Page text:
Make, edit and search your PDFs

Since the mid 90’s when it was first invented, the PDF file has been both a blessing and a curse to those in the IT industry.  The great thing about PDF’s is that the file size tends to be comparatively small when compared to a .DOC or .PPT file.  Most corporate IT systems also don’t have PDF editing software, so you can be pretty sure your original document stays that way.

This is also the downside to working with PDF’s though, they’re a nightmare to work collaboratively on.  I can personally remember instances in my career where a colleague has printed out a PDF file, annotated it by hand and then passed it back to me for comments.

Of course, the main reason for this was cost.  Adobe famously came up with the PDF file standard, and up until around 2008 they were the only company that made officially supported editing software for PDF files.  Even now, Adobe Acrobat XI will set you back £13.67 PER MONTh, that’s £164 every year…. yowza.

Thankfully, in 2008 Adobe announced that the PDF file format would become an open standard, and it was ratified later that year by the International Organisation for Standardisation under ISO 32000-1.  What that means is that any software publisher can now make software for creating and editing PDF files.

One such product recently brought to my attention is Nuance Power PDF Standard.  Retailing at £79.99 it’s a darn site cheaper than Adobe’s per-month model, you can even get an education edition for £31.99, which is great for university students on a tight budget.

Actually sitting down and using the software is a pretty familiar experience.  Nuance have gone with the familiar Microsoft style “ribbon” interface that’s featured on Microsoft Office since 2007.

As such, it’s pretty easy to work your way around the software, in the short time I’ve had playing around with it I’ve been able to quickly and easily undertake simple tasks like making a PDF searchable, adding annotations and converting a file into a Word document.

The latter is a feature that particularly interests me.  Power PDF does contain some annotation and editing tools, but I’d much rather be able to annotate a document in Microsoft Word than another program – it’s just a platform I’m more familiar with.  Thankfully, Power PDF’s conversion tools work quite well.  With the exception of a few lost graphics and some slight mis-formatting, I was able to quickly and easily convert a poorly written instruction manual in to a Word document.  From there I put in several corrections, and then resaved the file as a PDF to send BACK to the manufacturer (hey, don’t ask me to review your product and then send me a rubbish manual for it, OK?).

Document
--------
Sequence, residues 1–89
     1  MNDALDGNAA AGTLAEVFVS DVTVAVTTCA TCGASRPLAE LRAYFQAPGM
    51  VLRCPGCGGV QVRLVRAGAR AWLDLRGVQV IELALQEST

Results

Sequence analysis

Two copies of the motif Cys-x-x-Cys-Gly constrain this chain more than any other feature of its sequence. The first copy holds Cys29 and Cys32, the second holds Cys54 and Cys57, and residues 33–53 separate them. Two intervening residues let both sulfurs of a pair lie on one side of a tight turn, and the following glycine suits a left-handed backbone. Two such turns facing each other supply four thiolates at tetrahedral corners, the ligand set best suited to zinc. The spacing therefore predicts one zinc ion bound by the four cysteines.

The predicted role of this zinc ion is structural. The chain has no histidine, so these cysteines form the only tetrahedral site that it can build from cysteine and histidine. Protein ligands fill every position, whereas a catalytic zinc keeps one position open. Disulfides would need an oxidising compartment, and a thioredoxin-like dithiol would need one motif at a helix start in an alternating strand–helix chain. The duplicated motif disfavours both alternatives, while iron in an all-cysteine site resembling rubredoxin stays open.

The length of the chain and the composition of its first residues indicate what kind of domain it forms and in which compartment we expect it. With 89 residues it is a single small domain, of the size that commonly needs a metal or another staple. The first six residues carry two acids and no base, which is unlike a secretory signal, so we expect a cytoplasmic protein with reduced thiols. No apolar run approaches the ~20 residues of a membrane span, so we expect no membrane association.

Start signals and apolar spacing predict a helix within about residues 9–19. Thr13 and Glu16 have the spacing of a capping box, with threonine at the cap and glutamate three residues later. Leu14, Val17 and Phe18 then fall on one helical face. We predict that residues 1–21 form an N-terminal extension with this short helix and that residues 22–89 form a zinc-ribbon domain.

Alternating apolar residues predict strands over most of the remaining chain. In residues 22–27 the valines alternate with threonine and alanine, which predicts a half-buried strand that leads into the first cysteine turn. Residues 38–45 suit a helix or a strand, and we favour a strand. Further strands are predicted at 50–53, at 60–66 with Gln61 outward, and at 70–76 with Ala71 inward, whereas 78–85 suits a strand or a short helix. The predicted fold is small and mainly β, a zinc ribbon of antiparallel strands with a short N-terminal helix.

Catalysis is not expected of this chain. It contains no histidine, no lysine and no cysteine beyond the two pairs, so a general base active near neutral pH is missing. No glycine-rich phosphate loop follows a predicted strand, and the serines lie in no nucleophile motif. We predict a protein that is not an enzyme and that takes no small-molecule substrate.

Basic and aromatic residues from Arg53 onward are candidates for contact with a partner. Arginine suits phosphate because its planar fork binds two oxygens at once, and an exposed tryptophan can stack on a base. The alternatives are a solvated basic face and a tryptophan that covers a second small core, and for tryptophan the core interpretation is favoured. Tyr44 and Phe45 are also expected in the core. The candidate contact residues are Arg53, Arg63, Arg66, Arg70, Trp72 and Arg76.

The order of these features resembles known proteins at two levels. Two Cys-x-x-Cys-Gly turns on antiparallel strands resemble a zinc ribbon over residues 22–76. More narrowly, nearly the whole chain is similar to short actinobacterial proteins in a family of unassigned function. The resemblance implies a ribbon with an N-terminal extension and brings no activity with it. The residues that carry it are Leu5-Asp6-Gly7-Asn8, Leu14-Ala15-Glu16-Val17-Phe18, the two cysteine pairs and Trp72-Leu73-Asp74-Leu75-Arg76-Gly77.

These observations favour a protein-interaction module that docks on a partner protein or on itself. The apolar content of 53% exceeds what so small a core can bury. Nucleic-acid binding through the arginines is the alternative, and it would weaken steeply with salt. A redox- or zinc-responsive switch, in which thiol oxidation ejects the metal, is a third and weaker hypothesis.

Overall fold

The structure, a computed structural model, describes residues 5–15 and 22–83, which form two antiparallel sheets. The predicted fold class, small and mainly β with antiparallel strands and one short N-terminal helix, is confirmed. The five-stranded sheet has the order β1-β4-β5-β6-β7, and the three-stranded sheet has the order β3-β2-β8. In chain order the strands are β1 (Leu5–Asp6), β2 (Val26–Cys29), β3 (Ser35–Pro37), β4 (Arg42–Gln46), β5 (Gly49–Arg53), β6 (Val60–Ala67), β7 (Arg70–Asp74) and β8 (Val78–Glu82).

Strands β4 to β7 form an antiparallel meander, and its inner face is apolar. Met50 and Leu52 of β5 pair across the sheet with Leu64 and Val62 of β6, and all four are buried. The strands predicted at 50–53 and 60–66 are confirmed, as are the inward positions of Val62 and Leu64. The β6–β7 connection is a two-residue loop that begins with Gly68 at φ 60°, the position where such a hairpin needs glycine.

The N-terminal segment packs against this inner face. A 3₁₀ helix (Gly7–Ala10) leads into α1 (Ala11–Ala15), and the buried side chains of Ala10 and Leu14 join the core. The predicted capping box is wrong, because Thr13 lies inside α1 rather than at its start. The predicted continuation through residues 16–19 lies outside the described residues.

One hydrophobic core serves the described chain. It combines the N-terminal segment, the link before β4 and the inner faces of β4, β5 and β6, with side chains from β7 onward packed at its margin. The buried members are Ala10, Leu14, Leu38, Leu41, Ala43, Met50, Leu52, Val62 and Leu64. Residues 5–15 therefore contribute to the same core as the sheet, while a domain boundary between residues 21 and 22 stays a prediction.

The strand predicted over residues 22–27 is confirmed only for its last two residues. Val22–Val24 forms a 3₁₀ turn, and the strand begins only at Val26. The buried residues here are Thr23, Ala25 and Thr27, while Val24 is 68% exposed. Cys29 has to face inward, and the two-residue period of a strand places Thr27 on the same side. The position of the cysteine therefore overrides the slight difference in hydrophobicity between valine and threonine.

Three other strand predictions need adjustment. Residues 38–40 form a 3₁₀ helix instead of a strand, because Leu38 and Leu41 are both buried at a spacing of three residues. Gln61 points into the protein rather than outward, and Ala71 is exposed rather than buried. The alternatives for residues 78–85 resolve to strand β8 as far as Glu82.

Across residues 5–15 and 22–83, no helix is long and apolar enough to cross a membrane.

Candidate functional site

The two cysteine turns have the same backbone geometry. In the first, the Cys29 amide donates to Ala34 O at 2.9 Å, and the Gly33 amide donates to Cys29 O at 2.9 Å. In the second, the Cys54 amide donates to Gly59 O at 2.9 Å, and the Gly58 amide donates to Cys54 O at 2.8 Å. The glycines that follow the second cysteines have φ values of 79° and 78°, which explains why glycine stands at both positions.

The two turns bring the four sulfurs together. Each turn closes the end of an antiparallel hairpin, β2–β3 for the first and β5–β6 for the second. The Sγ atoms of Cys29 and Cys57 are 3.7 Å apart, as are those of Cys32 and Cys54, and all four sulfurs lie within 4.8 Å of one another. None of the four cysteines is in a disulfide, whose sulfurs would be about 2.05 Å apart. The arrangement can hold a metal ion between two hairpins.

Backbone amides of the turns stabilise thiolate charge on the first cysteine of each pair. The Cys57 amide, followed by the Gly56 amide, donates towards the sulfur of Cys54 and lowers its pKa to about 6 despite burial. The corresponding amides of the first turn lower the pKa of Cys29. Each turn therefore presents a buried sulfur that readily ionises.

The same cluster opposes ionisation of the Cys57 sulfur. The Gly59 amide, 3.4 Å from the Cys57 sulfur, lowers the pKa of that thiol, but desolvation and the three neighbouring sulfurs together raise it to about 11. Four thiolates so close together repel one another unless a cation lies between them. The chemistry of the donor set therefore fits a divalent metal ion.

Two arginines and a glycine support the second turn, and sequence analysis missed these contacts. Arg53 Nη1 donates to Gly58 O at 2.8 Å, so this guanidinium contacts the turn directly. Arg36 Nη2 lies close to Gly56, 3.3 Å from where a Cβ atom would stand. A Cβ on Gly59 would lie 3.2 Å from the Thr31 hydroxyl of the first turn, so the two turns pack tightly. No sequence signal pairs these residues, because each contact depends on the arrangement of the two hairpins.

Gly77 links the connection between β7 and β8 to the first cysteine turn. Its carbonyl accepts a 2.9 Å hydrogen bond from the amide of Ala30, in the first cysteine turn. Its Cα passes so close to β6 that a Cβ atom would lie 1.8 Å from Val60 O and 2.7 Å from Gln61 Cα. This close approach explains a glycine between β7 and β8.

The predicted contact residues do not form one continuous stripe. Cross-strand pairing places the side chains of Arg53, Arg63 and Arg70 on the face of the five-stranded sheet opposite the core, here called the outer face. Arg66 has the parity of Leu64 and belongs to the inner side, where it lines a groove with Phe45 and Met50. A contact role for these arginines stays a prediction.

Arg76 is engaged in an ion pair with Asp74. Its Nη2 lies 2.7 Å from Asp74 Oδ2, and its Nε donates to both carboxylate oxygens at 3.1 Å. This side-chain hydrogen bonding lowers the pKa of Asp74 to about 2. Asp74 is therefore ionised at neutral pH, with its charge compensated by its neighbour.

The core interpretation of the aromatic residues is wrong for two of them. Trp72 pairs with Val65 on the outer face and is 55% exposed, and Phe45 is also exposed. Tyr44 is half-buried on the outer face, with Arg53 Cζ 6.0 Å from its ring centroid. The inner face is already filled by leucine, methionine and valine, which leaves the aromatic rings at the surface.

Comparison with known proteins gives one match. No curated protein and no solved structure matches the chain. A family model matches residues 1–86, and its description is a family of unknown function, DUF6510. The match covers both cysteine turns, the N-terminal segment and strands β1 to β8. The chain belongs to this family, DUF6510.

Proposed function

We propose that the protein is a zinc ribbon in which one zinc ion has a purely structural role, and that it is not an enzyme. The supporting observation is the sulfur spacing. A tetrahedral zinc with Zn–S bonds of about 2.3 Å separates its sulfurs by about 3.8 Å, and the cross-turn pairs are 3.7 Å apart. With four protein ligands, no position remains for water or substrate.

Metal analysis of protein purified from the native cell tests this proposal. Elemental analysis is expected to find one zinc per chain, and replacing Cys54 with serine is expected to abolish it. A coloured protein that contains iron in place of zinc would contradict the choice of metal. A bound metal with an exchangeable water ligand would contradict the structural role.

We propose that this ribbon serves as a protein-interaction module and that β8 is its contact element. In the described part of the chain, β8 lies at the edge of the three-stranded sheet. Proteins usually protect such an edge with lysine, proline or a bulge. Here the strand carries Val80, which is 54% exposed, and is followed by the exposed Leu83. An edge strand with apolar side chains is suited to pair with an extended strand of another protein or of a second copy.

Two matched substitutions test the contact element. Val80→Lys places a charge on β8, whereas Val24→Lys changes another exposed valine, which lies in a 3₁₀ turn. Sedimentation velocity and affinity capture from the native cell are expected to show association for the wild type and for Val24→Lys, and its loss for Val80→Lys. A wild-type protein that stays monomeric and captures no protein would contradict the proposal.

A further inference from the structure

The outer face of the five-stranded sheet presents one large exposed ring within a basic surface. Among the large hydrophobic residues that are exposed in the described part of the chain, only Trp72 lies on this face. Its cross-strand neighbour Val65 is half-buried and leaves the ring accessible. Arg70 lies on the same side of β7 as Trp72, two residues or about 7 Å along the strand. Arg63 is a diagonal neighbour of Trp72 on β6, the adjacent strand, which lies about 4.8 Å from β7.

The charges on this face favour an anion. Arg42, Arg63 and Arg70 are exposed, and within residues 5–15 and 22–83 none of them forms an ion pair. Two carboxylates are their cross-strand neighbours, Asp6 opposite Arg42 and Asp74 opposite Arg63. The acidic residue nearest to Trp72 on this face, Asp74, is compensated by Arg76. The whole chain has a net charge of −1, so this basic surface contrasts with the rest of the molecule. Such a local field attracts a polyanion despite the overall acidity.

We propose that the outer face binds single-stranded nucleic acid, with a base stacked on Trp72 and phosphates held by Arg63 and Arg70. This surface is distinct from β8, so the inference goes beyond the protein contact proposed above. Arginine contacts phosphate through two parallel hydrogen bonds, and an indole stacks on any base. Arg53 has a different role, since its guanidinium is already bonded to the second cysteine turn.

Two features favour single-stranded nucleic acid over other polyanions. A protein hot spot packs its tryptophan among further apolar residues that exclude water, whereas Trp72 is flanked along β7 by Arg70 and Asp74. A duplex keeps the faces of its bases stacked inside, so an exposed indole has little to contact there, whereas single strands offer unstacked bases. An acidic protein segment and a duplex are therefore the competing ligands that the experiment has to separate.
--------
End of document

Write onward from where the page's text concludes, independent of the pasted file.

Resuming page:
Power PDF uses a familiar "Ribbon" interface
Power PDF uses a familiar “Ribbon” interface

It’s worth pointing out that Power PDF also comes with plugins for Word, Excel and PowerPoint, and allows you to save a PDF from any application that can print.  Say you’re looking at an interesting webpage and want to quickly save the content as a PDF for later reading.  All you need to do is select the “print” option from your web browser and then select Nuance PDF from the list of printers.  Rather than anything actually printing out, your new PDF will open in a new window, which is just awesome, frankly.

One feature I also found interesting, not least because I have a new book to review in PDF format, is the “Read Aloud” function which will read back the current page or a whole document using your PC’s speakers.  Some might query whether or not this adds much value to the product, but I’m busy enough that I often want to listen to a technical journal rather than read it, so that I can get on with other things at the same time.  In honesty, the voicing produced is not 100% accurate, and a couple of times I had to go over and read the screen to see what was actually meant by the author, but it’s still a useful feature.  In fact sometimes it tries to be too useful, converting a model number for a PC case into “six hundred Icelandic Krona” doesn’t seem entirely accurate, but bless it for trying!

Security features such as file encryption have also been included in Power PDF Standard.  You can add passwords with 40, 128 or 256 bit encryption, preventing others from accessing the PDF when you don’t want them to.  You can use the same password protection to prevent people from editing your files, even when you want them to be able to look at them.

PDF utilities such as Power PDF Standard are a great alternative to Adobe’s current sales model for Acrobat.  In fact, one license for Power PDF Standard is cheaper than leasing Adobe Acrobat after only 6 months of use.

While it’s true that Adobe Acrobat contains some more advanced features, most home and small business users will find that it meets their criteria perfectly without over stretching the budget.  If you like the look of the product, but feel that it might not quite meet your needs, it’s also worth considering Power PDF Advanced which contains a few more business oriented features, like the ability to disable certain plugins during installation, and batch conversion options.  Advanced retails at £139.99, which is expensive, but still works out cheaper than a years use of Adobe Acrobat.

Would I use this product as a home user?  Probably not.  But as a small business owner I’m definitely tempted.  If you work in an environment that requires you to draft and redraft lots of documents, then it’s pretty much a god send.  You’ll more than likely find yourself using the conversion tools without even thinking about it, which may leave you wondering how you ever got along without it.

PowerPDF Review

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